I'm kind of a cheapskate, and I can't justify the added expense for greenhouse poly. Now if you are going to make a permanent structure, then I guess you have to split for the polycarbonate panels, but if it comes down in the spring and goes up in the fall (like mine does) I think the cheapest thing that does the job is what you want. For a lot of jobs, 4 mil just doesn't quite do it. Between wind and sun, there is always going to be some that is so tattered it needs to be replaced, but I fold mine up in the spring, store it, and use most of it again putting it back up in the fall.
 
Jeremey Weeks
Posts: 206
Location: Eastern Washington, 8 acres, h. zone 5b
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Here's an update on the greenhouse. It's staying warmer than I expected...

http://thishappyhomestead.com/2013/10/24/greenhouse-update/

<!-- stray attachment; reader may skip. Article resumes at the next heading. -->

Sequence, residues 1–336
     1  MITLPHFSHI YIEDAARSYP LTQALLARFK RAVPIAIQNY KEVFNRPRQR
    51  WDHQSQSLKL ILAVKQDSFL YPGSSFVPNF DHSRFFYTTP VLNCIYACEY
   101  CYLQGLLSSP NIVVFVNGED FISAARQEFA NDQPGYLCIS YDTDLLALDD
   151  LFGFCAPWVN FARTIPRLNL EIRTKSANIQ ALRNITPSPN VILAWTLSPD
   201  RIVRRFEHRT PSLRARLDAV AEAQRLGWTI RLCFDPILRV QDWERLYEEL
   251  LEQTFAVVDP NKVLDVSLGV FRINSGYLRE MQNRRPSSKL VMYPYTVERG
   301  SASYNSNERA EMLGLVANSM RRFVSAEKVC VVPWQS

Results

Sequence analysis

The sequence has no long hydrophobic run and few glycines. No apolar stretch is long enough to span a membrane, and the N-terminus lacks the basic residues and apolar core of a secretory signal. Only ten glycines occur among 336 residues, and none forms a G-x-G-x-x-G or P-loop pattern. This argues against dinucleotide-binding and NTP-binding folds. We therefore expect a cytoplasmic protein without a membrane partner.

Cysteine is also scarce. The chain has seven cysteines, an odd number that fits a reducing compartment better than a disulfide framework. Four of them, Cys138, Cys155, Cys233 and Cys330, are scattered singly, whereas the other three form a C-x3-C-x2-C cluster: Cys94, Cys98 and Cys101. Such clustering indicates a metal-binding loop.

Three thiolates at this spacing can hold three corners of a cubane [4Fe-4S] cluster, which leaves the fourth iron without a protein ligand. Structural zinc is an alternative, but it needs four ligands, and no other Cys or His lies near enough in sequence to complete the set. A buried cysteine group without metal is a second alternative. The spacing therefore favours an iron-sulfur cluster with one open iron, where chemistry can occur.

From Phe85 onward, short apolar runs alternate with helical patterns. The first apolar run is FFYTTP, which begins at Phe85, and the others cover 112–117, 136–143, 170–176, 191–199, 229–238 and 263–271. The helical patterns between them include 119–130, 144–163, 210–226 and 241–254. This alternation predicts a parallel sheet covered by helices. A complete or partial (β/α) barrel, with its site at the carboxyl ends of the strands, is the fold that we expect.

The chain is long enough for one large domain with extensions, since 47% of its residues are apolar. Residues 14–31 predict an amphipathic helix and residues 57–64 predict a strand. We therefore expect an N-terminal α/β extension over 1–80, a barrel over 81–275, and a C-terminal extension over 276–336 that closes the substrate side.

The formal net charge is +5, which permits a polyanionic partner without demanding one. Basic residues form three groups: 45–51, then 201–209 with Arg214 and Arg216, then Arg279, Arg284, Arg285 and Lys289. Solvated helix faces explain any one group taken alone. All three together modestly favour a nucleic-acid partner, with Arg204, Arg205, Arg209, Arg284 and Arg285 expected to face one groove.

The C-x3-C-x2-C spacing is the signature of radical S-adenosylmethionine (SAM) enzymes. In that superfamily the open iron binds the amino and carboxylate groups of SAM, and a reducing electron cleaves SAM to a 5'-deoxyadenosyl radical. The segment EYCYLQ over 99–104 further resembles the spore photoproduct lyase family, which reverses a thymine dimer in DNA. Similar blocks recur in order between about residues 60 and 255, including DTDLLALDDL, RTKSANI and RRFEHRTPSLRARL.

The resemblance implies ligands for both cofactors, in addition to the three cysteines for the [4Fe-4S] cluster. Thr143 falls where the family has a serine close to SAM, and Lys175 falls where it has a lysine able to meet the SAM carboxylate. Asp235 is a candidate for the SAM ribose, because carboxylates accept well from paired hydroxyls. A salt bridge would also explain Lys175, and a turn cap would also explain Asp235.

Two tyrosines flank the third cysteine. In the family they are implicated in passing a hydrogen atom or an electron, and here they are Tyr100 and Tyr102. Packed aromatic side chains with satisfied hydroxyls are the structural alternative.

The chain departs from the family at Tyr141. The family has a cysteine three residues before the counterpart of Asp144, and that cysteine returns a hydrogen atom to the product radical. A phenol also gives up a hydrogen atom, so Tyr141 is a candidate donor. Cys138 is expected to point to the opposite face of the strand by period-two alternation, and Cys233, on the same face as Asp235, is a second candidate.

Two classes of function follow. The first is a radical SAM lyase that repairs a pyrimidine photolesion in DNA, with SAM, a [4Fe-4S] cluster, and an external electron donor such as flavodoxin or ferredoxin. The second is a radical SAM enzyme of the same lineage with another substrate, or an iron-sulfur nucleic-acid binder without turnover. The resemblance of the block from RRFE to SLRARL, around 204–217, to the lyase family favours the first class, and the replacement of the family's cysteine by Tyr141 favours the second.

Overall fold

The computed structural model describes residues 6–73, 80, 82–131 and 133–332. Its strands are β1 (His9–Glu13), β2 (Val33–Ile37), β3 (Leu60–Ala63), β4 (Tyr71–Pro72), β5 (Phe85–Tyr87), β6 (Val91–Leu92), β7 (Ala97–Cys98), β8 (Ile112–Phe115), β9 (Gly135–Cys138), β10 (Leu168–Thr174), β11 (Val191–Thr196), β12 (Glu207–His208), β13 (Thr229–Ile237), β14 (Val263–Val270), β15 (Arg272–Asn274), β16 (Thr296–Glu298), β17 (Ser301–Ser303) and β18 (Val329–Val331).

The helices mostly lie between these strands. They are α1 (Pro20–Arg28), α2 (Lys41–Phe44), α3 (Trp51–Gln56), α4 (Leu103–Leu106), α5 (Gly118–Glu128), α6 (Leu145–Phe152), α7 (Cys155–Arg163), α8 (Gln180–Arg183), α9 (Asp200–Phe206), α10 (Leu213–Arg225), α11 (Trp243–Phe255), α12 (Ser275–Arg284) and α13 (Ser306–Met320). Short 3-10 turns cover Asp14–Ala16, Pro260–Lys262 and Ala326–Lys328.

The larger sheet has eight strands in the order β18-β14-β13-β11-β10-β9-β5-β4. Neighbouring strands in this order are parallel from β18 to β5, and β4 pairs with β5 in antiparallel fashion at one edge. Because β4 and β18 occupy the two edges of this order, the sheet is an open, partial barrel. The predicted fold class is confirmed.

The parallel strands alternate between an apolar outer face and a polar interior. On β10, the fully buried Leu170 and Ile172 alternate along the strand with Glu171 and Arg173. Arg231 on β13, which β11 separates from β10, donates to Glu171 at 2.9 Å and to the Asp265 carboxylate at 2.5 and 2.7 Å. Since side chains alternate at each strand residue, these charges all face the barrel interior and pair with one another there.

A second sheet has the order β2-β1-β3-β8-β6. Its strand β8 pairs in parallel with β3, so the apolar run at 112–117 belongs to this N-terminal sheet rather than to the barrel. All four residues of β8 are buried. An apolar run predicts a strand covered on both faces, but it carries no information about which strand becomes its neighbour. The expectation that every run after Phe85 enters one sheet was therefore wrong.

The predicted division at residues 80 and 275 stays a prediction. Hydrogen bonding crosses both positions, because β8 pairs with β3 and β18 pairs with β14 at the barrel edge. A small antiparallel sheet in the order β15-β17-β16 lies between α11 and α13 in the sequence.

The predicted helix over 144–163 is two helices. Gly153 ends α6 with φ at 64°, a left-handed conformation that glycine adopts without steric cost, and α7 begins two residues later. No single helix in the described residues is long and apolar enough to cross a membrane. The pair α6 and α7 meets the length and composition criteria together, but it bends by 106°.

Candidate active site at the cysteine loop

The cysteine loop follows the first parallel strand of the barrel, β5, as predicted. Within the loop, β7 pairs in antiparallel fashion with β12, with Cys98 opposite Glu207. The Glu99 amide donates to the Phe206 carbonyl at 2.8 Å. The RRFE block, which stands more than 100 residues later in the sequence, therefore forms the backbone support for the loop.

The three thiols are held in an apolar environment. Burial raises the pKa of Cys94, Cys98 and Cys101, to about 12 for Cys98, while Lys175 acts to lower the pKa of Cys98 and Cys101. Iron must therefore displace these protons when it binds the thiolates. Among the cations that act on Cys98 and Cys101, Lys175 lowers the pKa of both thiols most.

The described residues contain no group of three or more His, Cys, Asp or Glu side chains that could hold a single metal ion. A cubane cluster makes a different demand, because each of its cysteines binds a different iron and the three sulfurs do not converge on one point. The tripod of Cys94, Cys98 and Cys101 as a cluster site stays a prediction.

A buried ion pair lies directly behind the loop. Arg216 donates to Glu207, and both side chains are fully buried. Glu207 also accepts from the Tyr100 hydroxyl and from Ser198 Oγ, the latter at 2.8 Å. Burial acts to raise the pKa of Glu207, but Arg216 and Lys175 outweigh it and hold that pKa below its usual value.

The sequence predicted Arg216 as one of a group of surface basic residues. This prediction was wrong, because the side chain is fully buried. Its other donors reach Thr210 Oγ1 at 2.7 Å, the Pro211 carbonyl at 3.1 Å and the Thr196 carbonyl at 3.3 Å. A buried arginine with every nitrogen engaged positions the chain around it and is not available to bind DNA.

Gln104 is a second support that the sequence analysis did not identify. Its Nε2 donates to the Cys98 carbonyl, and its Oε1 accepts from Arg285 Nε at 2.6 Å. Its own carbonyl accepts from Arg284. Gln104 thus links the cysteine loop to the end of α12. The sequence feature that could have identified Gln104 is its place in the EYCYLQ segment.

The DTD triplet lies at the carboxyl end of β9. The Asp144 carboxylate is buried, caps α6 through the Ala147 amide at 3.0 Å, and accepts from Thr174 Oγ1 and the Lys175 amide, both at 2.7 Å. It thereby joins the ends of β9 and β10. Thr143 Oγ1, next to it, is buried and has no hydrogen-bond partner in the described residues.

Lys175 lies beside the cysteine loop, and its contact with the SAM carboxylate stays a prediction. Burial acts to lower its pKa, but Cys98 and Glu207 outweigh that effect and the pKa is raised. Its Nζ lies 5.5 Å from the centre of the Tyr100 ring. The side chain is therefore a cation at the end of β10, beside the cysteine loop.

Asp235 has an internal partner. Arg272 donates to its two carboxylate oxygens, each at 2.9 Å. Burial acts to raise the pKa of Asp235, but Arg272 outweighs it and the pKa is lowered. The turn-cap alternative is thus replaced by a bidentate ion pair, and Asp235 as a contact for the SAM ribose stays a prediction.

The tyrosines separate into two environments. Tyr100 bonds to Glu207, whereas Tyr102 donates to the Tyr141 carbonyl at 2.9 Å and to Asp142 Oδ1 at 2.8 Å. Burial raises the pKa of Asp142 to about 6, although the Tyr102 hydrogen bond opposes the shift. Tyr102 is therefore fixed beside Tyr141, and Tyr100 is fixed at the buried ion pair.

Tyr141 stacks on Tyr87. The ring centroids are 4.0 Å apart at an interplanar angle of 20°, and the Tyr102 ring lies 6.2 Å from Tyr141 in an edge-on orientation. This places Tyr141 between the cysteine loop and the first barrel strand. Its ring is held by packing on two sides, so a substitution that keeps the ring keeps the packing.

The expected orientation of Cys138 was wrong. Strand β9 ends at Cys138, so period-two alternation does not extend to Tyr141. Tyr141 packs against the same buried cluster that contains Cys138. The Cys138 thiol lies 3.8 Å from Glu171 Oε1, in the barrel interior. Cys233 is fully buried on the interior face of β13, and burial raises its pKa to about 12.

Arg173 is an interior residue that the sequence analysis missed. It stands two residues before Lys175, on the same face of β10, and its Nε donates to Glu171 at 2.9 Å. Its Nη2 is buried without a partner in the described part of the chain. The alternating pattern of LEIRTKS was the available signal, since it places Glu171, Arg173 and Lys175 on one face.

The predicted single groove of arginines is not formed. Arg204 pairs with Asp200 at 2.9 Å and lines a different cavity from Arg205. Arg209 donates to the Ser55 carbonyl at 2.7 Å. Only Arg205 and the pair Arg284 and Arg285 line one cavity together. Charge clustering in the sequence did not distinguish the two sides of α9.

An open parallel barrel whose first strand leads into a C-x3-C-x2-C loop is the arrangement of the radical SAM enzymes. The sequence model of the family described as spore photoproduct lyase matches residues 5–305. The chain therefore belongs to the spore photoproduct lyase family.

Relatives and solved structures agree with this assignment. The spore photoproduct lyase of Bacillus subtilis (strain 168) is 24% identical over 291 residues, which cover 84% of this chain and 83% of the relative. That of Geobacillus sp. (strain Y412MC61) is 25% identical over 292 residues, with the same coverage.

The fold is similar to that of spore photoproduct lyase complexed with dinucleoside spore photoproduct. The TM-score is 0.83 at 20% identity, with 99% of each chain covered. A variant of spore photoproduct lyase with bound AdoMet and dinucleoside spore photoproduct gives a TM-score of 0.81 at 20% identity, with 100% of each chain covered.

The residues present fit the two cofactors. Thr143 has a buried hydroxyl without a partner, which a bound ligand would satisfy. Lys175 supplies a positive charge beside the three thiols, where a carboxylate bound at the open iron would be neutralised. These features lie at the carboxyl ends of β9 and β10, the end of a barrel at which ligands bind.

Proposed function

Jeremey Weeks
Posts: 206
Location: Eastern Washington, 8 acres, h. zone 5b
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Update on the greenhouse.


I ended up replacing the poly. John, you were right about 4 mil not lasting. I had a tear or two. The repair tape wouldn't stay stuck.

I couldn't find the size/thickness of poly at a store, so ended up ordering a 28' x 50' 6 mil sheet. It cost about $250 with shipping.

I'd provide pics, but I'm moving my blog to a different host. Maybe I'll have something up in a week.
 
Su Ba
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Although this little greenhouse isn't applicable for your situation Jeremy, I thought I'd mention it since the title of this discussion is humble PVC greenhouse.